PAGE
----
Household adoption of smart home systems currently sits at 12.1% and is set to grow to 21.4% by 2025, expanding the market from US$ 78.3 billion to US$ 135 billion, in the same period. Although closely linked to the growth of connectivity technologies, including 5G, tech-savvy consumers are also recognizing the benefits of next-generation security systems, to protect and secure their domestic lives. Biometric technologies are already commonplace in our smartphones, PCs and payment cards, enhancing security without compromising convenience. Consequently, manufacturers and developers are taking note of biometric solutions, as a way of leveling-up their smart home solutions. Biometrics offer enhanced security As with any home, security starts at the front door and the first opportunity for biometrics to make a smart home genius lies within the smart lock. Why? Relying on inconvenient unsecure PINs and codes takes the ‘smart’ out of smart locks. As the number of connected systems in our homes increase, we cannot expect consumers to create, remember and use an ever-expanding list of unique passwords and PINs. Indeed, 60% of consumers feel they have too many to remember and the number can be as high as 85 for all personal and private accounts. Biometric solutions strengthen home access control Biometric solutions have a real opportunity to strengthen the security and convenience of home access control Doing this risks consumers becoming apathetic with security, as 41% of consumers admit to re-using the same password or introducing simple minor variations, increasing the risk of hacks and breaches from weak or stolen passwords. Furthermore, continually updating and refreshing passwords, and PINs is unappealing and inconvenient. Consequently, biometric solutions have a real opportunity to strengthen the security and convenience of home access control. Positives of on-device biometric storage Biometric authentication, such as fingerprint recognition uses personally identifiable information, which is stored securely on-device. By using on-device biometric storage, manufacturers are supporting the 38% of consumers, who are worried about privacy and biometrics, and potentially winning over the 17% of people, who don’t use smart home devices for this very reason. Compared to conventional security, such as passwords, PINs or even keys, which can be spoofed, stolen, forgotten or lost, biometrics is difficult to hack and near impossible to spoof. Consequently, homes secured with biometric smart locks are made safer in a significantly more seamless and convenient way for the user. Biometric smart locks Physical access in our domestic lives doesn’t end at the front door with smart locks. Biometrics has endless opportunities to ease our daily lives, replacing passwords and PINs in all devices. Biometric smart locks provide personalized access control to sensitive and hazardous areas, such as medicine cabinets, kitchen drawers, safes, kitchen appliances and bike locks. They offer effective security with a touch or glance. Multi-tenanted sites, such as apartment blocks and student halls, can also become smarter and more secure. With hundreds of people occupying the same building, maintaining high levels of security is the responsibility for every individual occupant. Biometric smart locks limit entry to authorized tenants and eliminate the impact of lost or stolen keys, and passcodes. Furthermore, there’s no need for costly lock replacements and when people leave the building permanently, their data is easily removed from the device. Authorized building access Like biometric smart locks in general, the benefits extend beyond the front door Like biometric smart locks in general, the benefits extend beyond the front door, but also throughout the entire building, such as washing rooms, mail rooms, bike rooms and community spaces, such as gyms. Different people might have different levels of access to these areas, depending on their contracts, creating an access control headache. But, by having biometric smart locks, security teams can ensure that only authorized people have access to the right combination of rooms and areas. Convenience of biometric access cards Additionally, if building owners have options, the biometric sensors can be integrated into the doors themselves, thereby allowing users to touch the sensor, to unlock the door and enter. Furthermore, the latest technology allows biometric access cards to be used. This embeds the sensor into a contactless keycard, allowing the user to place their thumb on the sensor and tap the card to unlock the door. This may be preferable in circumstances where contactless keycards are already in use and can be upgraded. Smarter and seamless security In tandem with the growth of the smart home ecosystem, biometrics has real potential to enhance our daily lives, by delivering smarter, seamless and more convenient security. Significant innovation has made biometrics access control faster, more accurate and secure. Furthermore, today’s sensors are durable and energy efficient. With the capacity for over 10 million touches and ultra-low power consumption, smart home system developers no longer have to worry about added power demands. As consumers continue to invest in their homes and explore new ways to secure and access them, biometrics offers a golden opportunity for market players, to differentiate and make smart homes even smarter.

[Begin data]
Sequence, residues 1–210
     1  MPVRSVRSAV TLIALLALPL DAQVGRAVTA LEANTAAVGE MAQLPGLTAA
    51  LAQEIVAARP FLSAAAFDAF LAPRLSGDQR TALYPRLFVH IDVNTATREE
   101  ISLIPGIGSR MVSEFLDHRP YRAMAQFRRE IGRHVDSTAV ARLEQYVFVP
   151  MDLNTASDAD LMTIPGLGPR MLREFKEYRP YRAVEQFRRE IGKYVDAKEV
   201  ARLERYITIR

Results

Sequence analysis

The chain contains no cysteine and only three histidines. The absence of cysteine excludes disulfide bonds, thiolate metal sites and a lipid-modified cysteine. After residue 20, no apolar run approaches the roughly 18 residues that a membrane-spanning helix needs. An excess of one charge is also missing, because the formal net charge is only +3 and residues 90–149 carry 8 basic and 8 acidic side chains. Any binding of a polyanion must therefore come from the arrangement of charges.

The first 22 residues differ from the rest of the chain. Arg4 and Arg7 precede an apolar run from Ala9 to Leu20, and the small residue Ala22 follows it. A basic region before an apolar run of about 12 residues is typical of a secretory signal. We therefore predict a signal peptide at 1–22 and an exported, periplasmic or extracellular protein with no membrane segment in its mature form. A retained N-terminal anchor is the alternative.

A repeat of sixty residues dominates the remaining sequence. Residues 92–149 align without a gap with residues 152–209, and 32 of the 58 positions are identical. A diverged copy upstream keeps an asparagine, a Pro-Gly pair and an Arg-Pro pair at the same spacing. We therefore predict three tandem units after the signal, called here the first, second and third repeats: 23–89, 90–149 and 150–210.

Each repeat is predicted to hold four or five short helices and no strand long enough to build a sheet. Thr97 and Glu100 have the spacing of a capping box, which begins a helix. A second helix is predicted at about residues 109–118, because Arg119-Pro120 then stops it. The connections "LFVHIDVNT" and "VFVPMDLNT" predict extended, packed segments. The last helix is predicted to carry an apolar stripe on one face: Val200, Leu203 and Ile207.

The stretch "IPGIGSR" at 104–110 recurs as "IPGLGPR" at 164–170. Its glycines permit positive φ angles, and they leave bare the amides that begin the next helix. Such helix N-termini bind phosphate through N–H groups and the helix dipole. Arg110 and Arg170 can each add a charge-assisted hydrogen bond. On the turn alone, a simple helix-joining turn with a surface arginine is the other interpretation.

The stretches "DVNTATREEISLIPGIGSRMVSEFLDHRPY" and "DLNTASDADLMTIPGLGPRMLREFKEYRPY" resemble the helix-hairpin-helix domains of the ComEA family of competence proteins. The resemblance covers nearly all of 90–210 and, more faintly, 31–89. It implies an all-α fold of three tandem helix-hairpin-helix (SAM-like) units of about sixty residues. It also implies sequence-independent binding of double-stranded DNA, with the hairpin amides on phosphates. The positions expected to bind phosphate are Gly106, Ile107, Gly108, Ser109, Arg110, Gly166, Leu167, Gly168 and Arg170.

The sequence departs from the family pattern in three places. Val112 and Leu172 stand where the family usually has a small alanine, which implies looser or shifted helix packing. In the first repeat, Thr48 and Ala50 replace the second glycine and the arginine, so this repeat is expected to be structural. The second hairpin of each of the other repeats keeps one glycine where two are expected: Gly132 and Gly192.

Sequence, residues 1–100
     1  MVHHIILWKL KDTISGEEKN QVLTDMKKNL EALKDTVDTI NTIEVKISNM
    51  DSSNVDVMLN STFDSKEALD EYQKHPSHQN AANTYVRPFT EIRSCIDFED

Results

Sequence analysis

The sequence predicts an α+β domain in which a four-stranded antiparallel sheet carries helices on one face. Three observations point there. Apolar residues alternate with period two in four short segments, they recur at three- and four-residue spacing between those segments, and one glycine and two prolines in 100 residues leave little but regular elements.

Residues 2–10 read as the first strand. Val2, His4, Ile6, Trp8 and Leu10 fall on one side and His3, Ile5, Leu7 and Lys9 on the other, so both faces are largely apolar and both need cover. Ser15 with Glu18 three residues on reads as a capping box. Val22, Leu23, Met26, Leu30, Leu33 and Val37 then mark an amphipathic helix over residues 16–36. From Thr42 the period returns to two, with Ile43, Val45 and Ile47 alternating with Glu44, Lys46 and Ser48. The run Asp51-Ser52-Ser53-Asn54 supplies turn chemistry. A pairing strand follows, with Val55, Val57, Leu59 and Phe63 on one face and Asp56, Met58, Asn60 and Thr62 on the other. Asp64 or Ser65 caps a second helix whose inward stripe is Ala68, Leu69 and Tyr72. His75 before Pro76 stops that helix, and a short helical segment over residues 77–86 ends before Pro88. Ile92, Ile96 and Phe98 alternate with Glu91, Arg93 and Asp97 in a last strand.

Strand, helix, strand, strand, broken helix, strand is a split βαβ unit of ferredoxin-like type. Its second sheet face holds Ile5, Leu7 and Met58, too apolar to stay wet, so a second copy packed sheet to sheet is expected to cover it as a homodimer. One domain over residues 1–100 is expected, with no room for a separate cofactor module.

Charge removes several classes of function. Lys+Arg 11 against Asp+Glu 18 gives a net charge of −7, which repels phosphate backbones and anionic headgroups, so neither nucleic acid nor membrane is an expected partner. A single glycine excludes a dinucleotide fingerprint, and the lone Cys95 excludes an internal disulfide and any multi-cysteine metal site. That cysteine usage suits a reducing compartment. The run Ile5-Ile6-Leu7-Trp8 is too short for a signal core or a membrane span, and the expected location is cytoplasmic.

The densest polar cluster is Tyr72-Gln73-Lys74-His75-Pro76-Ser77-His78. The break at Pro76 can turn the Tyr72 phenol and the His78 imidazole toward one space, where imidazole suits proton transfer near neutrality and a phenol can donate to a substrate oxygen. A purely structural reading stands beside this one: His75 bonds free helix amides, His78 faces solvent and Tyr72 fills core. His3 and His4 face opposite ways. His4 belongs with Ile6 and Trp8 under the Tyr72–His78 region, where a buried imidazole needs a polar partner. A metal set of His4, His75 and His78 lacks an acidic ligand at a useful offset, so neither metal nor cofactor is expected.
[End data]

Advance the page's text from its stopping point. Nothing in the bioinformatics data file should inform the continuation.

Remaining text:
Access control and management of trusted identities are the building blocks of security, safety, and site management policies for many businesses and organizations. The current pandemic has compounded this with the introduction of new policies and regulations, particularly around social distancing and contact tracing. Most organizations will have some form of legacy access control in place, ranging from the most simplistic options, such as locks and keys, to technology-based systems. The issue with legacy systems of any type is that risks, just like technology, evolve. What was secure, convenient, and efficient a few years ago is often found wanting as the threat landscape changes. The standards governing the development and testing of physical access control systems (PACS) have also evolved to improve security and product interoperability. An example is the Open Supervised Device Protocol (OSDP), introduced 10 years ago as an alternative to the antiquated and vulnerable Clock-and-Data and Wiegand protocols. However, when it comes to planning infrastructure upgrades or implementing new tools, businesses must carry out due diligence to ensure the solutions are future-proof and deliver the expected level of security. Vulnerabilities and challenges In the early 1980s, Clock-and-Data and Wiegand protocols were widely adopted as the de-facto standard for interoperability between access control readers and physical access controllers. Those de-facto standards were later formalized and adopted into industry standards by the Security Industry Association in the 1990s. Wiegand is unencrypted and unable to protect from “man in the middle” attacks and vulnerabilities There were weaknesses, though, Wiegand is unencrypted and unable to protect from “man in the middle” attacks and vulnerabilities from the reader to the controller. Not only that, but Wiegand delivers limited range options and is operationally inefficient. It is also easy to target via its learnable language and a host of hacking devices available via online sources. Furthermore, the retrofitting installation alongside a legacy system is complicated for integrators and expensive for organizations, as most readers require dedicated home-run wiring. Extensive wiring on a large-scale project, such as a school or corporate campus, results in considerable — often prohibitive — costs for the installation of a PACS. Legacy access control protocol Despite the well-publicized vulnerabilities and weaknesses, Wiegand is still one of the most common protocols in legacy access control, with estimates indicating it is used in more than 90 percent of installed systems. This not only presents issues about physical security but also raises concerns relating to the protection of personal data. Access control systems not only contain information about who can and cannot use certain doors. OSDP is a communication standard Modern systems include a wide range of personal data, ranging from qualifications and certifications of individuals, home contact details, and even medical conditions or HR and employment information. With the potential fines associated with GDPR breaches, companies need to take this concern seriously. These weaknesses pushed the security industry to adopt a new protocol: Open Supervised Device Protocol (OSDP). This access control communications standard was developed by Mercury Security (now part of HID Global) and HID Global in 2008, and donated, free of intellectual property, to the Security Industry Association (SIA) to improve interoperability among access control and security products. Since then, it has been adopted as a standard by SIA, becoming the first secure, bidirectional reader/controller protocol to be governed by a major standards body in the security industry. In 2020 OSDP reached an additional milestone in becoming an International Electrotechnical Commission (IEC) standard. Why implement OSDP as a standard? OSDP is the only protocol that is secure and open for communication between readers and controllers The growth of networked devices, such as video and access control products, has led to an increased demand for converged solutions. Businesses and organizations recognize the value of implementing an integrated solution to enhance security and add value to technology investment. OSDP is the only protocol that is secure and open for communication between readers and controllers and is also being widely adopted by industry-leading reader and controller manufacturers. It is an evolving, ‘living standard,’ making it a safer, more robust, future-proof option for governing physical access control systems. OSDP offers important benefits: 1) Increased security Implementing OSDP standards can increase security, as OSDP with Secure Channel Protocol (SCP) supports AES-128 encryption that is required in U.S. federal government applications. Additionally, OSDP constantly monitors wiring to protect against tampering, removing the guesswork since the encryption and authentication are predefined. 2) Bidirectional communication Early on, communication protocols such as Wiegand were unidirectional, with external card readers sending information one way to a centralized access control platform. OSDP has transformed the ability for information to be collected, shared, and acted upon with the addition of bidirectional communication for configuration, status monitoring, tampering, and malfunction detection, and other valuable functions. In fact, OSDP is the only open, non-proprietary, bidirectional, secure protocol for communication between card reader and physical access controller. 3) Open and interoperable OSDP adds new technology that enhances its ability to protect incoming and outgoing data collection OSDP supports IP communications and point-to-point serial interfaces, enabling customers to flexibly enhance system functionality as needs change and new threats emerge. They also can proactively add new technology that enhances their ability to protect incoming and outgoing data collection through a physical access control system. 4) Reduced installation costs OSDP’s use of two wires (as compared to a potential of 11 wires with Wiegand) allows for multi-drop installation, supervised connections to indicate reader malfunctions, and scalability to connect more field devices. Daisy-chaining accommodates many readers connected to a single controller, eliminating the need to run home-run wiring for each reader, and the use of a four-conductor cable achieves up to 10x longer distances between reader and controller than Wiegand while also powering the reader and sending/receiving data. 5) User friendly OSDP gives credential holders greater ease of use, with audio and visual feedback such as colored lights, audible beeps, and the ability to display alerts on the reader. For security administrators, managing and servicing OSDP-enabled readers also becomes increasingly convenient, as OSDP-enabled readers can be remotely configured from network-connected locations. Users can poll and query readers from a central location, eliminating the cost and time to physically visit and diagnose malfunctioning devices. Unlimited application enhancements OSDP streamlines installations and upgrades while saving organizations the expense of replacing readers OSDP supports advanced smartcard technology applications, including PKI/FICAM and biometrics, and other enhanced authentication protocols used in applications that require Federal Information Processing Standards (FIPS) compliance and interactive terminal capabilities. Audio-visual user feedback mechanisms provide a rich, user-centric access control environment. OSDP offers advantages for users, administrators, and integrators, alike. It adds security and real-world efficiencies, and its interoperability ensures that organizations can use systems from numerous manufacturers as they invest in infrastructure that maximizes the protection of critical data. For our part, HID Global’s range of HID Signo readers is OSDP verified, ensuring they offer the intended interoperability and security for secure bidirectional communication and provide an easy migration from Wiegand devices. In a campus environment, OSDP streamlines installations and upgrades while saving organizations the expense of replacing readers if a new access control solution is implemented. There are also service and maintenance benefits as OSDP encourages continuous monitoring of system uptime and allows for remote configuration of -- or upgrades to -- a reader. Cost savings upon system upgrade Integrators can also capitalize on the introduction of OSDP by encouraging open standards, which can, in turn, help them build new customer relationships and win more projects. Although upgrading to access control systems that adhere to OSDP standards is a significant initiative, the range of benefits outweighs the cost of upgrading. Increased security coupled with business efficiencies adds value for those administering the system and a high level of interoperability ensures users can deploy systems from numerous third-party manufacturers. Integrators who understand the benefits of OSDP can also help their customers support both current and future technology requirements. When a site’s needs change, OSDP offers significant cost savings as the open functionality makes adding new devices easier and reduces the expense of requiring all readers to be replaced if a new solution is installed. Businesses and organizations transitioning to OSDP will also enhance value in terms of operational costs such as servicing and maintenance.